The Wombat is not a bat at all, but a short-legged, muscular marsupial with a very short tail that lives in south-eastern Australia and Tasmania.
The Wombat’s name comes from the Eora Aboriginal people who were the natives of Sydney, Australia.
A backwards pouch which helps keep the dirt out while digging makes the Wombat unique from other marsupials. Wombats are herbivores and have a very slow metabolism which matches their slow movement, but can run fast if threatened.
Wombats defend their burrows aggressively against intruders, fighting back with their hind legs.
A wombat is the common name for three different species of burrowing Australian marsupials, the largest of which can grow up to three feet in length. They superficially resemble what you’d get if you crossed a guinea pig with a stocky little dog.
Wombats are both loved and hated by the humans who coexist with them. They’re loved because they tend to be docile and easily domesticated, so some people keep them as pets.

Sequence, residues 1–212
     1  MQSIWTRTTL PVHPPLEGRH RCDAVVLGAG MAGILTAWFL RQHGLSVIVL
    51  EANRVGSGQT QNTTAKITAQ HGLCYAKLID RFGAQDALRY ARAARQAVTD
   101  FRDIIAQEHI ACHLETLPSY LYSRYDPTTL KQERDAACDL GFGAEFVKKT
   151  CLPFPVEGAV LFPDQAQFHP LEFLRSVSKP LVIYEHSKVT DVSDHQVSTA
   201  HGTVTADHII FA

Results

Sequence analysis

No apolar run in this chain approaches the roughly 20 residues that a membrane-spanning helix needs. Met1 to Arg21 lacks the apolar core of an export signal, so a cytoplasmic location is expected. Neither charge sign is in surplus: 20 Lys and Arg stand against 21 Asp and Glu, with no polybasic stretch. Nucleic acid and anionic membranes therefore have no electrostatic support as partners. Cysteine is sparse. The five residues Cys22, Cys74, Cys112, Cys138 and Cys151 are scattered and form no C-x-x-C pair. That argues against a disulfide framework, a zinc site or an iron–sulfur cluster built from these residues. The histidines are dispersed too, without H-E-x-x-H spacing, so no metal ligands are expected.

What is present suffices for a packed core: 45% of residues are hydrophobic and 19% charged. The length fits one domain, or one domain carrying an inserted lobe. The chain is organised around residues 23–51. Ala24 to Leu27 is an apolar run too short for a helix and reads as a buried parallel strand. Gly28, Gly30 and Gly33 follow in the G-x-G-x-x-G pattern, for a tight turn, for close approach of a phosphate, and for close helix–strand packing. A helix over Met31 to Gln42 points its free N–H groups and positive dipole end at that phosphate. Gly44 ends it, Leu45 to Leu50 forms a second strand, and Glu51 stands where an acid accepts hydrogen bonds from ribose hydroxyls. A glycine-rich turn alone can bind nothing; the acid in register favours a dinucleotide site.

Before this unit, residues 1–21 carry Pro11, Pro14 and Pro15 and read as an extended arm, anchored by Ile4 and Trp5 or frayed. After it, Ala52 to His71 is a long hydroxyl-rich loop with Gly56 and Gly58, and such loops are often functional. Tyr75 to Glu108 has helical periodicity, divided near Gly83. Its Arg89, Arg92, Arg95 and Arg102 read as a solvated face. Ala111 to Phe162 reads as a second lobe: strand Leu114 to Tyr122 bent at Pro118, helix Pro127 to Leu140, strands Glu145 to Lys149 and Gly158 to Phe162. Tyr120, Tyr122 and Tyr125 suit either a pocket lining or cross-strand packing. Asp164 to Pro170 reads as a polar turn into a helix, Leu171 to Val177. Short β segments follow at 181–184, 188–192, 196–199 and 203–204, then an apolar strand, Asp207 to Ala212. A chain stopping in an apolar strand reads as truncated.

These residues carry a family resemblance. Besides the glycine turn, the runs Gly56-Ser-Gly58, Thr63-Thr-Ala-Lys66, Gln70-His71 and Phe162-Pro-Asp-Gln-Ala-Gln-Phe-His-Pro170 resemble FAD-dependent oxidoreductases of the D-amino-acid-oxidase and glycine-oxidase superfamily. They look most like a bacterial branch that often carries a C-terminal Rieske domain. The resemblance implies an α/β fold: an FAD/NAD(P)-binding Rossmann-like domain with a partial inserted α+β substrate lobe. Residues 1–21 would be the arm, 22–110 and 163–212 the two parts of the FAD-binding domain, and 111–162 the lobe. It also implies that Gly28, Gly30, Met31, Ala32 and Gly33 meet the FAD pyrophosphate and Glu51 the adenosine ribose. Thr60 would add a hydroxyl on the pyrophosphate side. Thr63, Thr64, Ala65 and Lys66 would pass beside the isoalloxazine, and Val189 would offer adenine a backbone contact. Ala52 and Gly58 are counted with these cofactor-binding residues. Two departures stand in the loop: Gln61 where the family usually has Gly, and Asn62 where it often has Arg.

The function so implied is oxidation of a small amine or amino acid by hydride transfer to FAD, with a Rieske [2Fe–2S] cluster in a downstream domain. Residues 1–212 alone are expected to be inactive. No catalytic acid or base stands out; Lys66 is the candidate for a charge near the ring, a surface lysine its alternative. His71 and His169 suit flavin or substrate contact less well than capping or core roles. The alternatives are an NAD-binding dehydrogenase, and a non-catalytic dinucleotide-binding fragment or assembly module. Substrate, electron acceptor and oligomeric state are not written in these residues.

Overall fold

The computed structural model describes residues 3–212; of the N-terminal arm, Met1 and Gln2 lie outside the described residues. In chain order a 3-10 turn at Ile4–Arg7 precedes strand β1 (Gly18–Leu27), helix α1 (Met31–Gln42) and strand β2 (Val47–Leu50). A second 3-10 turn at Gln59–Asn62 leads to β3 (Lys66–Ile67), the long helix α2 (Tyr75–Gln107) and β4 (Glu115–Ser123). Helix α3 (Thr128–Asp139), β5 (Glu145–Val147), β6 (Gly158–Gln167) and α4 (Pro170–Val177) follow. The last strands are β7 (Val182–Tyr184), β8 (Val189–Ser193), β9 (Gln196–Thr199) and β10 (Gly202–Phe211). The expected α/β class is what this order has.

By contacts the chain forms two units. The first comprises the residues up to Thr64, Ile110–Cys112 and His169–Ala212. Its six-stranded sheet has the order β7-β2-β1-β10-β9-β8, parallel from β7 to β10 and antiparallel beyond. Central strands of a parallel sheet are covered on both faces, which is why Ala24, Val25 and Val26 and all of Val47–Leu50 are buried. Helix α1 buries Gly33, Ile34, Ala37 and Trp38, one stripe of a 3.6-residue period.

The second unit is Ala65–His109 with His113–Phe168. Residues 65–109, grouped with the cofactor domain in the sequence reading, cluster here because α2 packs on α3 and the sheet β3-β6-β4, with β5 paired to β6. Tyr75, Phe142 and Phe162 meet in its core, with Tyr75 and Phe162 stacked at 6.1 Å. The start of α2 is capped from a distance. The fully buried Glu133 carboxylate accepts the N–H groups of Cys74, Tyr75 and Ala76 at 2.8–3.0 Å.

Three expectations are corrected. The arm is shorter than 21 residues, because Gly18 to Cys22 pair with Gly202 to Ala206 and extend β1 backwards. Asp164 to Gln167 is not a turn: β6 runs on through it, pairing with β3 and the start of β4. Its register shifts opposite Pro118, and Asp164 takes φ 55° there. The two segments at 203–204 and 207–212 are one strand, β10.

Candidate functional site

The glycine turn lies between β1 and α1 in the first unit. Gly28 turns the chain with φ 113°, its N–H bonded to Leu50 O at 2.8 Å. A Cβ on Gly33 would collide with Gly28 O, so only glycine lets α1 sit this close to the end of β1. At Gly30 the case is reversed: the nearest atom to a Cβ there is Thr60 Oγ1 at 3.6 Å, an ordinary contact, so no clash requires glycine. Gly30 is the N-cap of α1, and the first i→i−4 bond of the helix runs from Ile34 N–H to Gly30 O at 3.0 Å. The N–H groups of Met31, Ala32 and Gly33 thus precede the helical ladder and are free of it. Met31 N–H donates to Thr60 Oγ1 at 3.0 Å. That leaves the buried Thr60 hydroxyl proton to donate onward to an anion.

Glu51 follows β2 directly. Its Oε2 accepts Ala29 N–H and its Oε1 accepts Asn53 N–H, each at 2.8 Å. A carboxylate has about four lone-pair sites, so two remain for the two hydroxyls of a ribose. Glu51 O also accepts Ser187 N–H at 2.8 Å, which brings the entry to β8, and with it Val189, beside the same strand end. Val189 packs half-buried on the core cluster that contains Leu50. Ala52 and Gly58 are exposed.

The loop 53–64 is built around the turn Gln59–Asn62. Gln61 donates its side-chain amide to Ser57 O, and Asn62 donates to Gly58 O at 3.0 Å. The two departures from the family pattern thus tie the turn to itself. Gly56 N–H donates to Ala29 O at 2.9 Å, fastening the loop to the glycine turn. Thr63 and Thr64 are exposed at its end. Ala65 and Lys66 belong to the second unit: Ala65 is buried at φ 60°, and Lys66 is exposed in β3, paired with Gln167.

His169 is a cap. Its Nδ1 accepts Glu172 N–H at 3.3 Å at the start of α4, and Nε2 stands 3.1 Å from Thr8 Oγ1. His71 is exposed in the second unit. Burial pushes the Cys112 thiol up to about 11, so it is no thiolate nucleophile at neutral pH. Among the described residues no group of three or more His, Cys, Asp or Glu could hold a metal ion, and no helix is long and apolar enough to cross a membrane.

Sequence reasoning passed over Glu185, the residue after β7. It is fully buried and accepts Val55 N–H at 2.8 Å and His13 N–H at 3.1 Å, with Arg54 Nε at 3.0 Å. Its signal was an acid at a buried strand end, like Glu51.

However, they’re hated by farmers, who believe that the little burrowers do damage to their crops. Although it’s true that wombats deserve a share of the blame for eating some crops, it’s likely that rabbits are doing the bulk of the damage.
Regardless, as a result of competition with rabbits, the efforts of farmers, and damage done by cars, in some areas of Australia the wombat has been all but eradicated.
Wild wombats are now considered an endangered species and their predators are Dingos and Tasmanian Devils .